faster if the kid in the leather jacket in front of me would quit
arguing with the clerk over whether “The Matrix” was a pretentious
mishmash of Eastern philosophy or a brilliant allusion to the
Catharist Heresy of the 11th century and the papal reaction to it,
which in a nutshell was “Kill all Cathars.”
I glance at my watch again, the motions of doing so reflexive,
like the motions of a yawn, because whenever I feel I’m running
behind I know exactly what time it is. But I go through the motions
of lifting and turning my arm and looking into the face of my watch
anyway, because I picked up years ago that doing so communicates to
others a sense of urgency.
I am also mildly aware that this gesture tends to rub people the
wrong way, that it can sometimes communicate a sense of being put
upon, and since I’m aware of this, the gesture is less a request for
expedience as it is an act of hostility.
The clerk sees me raise my watch and he furrows his brow, an act
that seems to involve every third muscle in his head, and I see that
he’s received the latter communication. He looks up at me with put-up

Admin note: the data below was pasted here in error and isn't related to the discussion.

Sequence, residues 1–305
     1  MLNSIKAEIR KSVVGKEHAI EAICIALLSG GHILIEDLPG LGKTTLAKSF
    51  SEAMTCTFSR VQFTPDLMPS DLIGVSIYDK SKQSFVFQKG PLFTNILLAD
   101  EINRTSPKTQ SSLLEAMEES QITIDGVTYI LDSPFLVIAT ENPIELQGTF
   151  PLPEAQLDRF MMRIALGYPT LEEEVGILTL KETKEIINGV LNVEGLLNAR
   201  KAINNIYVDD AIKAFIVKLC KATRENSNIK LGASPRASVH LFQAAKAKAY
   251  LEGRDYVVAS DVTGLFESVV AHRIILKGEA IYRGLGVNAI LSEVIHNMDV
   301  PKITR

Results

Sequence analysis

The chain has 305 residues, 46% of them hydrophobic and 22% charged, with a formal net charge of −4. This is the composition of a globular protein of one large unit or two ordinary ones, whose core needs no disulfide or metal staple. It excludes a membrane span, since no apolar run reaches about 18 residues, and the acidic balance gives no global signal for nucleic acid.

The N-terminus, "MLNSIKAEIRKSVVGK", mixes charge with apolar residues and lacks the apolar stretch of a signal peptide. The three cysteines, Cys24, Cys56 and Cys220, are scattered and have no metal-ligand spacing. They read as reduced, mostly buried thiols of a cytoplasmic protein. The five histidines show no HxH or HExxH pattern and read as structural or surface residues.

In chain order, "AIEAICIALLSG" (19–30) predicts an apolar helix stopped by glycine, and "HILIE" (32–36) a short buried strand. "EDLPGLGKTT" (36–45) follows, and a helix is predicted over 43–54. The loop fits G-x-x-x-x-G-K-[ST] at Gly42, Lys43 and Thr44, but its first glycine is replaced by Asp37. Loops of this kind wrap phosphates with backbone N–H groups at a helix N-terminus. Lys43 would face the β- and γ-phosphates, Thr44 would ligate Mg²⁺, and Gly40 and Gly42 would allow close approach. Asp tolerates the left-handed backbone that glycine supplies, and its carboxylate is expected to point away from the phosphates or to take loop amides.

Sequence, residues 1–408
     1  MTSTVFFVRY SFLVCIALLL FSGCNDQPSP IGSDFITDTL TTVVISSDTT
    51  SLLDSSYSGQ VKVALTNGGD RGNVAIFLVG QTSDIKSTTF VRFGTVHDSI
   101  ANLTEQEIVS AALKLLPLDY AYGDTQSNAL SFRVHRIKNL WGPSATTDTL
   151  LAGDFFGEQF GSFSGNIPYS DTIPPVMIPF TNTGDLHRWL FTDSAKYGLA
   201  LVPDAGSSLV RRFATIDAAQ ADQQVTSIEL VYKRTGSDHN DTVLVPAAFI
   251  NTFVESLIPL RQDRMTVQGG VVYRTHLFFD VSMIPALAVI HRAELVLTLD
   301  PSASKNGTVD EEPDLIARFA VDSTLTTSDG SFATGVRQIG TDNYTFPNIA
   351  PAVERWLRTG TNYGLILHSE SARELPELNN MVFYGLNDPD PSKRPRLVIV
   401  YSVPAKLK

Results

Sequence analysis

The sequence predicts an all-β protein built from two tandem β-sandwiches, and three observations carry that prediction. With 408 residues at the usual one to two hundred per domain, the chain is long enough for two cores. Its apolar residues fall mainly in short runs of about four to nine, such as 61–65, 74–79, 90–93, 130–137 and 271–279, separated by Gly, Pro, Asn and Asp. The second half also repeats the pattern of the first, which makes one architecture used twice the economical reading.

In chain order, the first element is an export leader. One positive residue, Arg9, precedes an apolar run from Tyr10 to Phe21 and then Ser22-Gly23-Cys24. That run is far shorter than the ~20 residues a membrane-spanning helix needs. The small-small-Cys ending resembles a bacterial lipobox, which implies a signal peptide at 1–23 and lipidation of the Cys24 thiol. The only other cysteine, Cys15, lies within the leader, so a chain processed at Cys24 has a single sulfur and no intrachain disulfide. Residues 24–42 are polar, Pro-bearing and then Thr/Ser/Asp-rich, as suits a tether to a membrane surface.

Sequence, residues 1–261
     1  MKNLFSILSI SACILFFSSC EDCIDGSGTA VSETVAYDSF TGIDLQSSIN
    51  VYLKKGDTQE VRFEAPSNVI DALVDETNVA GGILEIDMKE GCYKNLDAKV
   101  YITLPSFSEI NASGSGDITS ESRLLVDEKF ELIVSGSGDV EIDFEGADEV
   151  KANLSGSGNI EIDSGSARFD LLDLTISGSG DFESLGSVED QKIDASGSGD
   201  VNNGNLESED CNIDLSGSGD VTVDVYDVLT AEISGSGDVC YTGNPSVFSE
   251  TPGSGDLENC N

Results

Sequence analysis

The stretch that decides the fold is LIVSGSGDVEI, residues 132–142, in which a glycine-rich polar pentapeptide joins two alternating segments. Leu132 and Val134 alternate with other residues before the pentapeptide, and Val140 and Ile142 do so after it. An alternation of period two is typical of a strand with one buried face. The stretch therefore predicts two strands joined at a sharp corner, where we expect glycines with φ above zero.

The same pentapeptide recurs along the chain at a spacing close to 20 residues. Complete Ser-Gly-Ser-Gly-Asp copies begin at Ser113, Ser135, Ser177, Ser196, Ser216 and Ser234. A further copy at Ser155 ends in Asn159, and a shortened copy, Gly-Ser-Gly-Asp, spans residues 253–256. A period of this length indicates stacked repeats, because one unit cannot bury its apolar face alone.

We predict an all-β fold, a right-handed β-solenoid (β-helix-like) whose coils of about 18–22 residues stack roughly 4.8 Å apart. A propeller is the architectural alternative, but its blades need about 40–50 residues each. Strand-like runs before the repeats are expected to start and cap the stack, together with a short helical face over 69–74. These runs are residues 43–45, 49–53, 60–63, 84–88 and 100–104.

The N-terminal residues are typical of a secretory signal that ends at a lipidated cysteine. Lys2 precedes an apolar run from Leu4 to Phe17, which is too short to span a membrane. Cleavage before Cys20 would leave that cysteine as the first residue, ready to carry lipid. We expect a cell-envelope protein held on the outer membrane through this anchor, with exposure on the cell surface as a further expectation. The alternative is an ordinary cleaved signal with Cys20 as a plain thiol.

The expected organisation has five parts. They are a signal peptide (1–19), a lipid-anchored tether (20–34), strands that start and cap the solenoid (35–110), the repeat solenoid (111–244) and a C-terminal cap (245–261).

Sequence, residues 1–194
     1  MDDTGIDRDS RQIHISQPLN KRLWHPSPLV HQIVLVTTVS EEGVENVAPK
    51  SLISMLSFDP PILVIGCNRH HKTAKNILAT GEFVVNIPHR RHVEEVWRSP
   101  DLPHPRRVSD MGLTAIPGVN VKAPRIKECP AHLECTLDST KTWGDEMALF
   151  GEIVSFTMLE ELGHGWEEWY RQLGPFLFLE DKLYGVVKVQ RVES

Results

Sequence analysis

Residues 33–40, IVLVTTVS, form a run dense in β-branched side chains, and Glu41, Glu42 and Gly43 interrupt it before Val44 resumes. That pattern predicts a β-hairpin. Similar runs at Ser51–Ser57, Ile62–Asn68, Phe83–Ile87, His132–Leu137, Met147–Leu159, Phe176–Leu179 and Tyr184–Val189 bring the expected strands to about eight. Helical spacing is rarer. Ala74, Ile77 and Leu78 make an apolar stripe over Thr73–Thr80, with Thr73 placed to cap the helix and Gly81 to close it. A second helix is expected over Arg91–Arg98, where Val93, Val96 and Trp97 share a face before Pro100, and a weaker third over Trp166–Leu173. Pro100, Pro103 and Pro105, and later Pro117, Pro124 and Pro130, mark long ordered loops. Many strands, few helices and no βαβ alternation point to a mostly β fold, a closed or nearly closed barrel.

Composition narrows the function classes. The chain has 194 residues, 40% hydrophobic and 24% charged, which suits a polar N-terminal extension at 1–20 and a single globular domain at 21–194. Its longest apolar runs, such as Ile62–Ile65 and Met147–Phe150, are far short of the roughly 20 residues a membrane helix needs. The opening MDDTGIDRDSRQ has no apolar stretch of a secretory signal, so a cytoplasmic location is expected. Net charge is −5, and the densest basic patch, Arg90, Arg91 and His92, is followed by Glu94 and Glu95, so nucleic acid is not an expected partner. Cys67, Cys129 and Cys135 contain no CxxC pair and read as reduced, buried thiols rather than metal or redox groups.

indignation, and in response I go through the motions of checking my
watch a third time.
The watch tells me seven seconds have passed since the last time I
looked at it. I feel annoyed at the watch, the stupid thing. Then I
realize that my hostility is misdirected, that my watch is a good
watch and just doing its job, and in realizing this I start to wonder
who or what I’m really annoyed at.
Am I annoyed at 1) the store clerk for holding up the line when
you know he had to be told at some point not to get into trivia
debates with customers? 2) the leather-jacketed customer, for being
an inconsiderate bobble-head in preventing me from meeting my
contractual obligations with Meg? Or, 3) a bunch of ill-fated
11th-century heretics who didn’t have the sense to spot a truly
harebrained interpretation of the Scriptures when they saw one?
Of course I can’t help but be also aware of a fourth option, which
is that I have only myself to blame for being in a position of
tardiness, as I am much more in control of my scheduling than the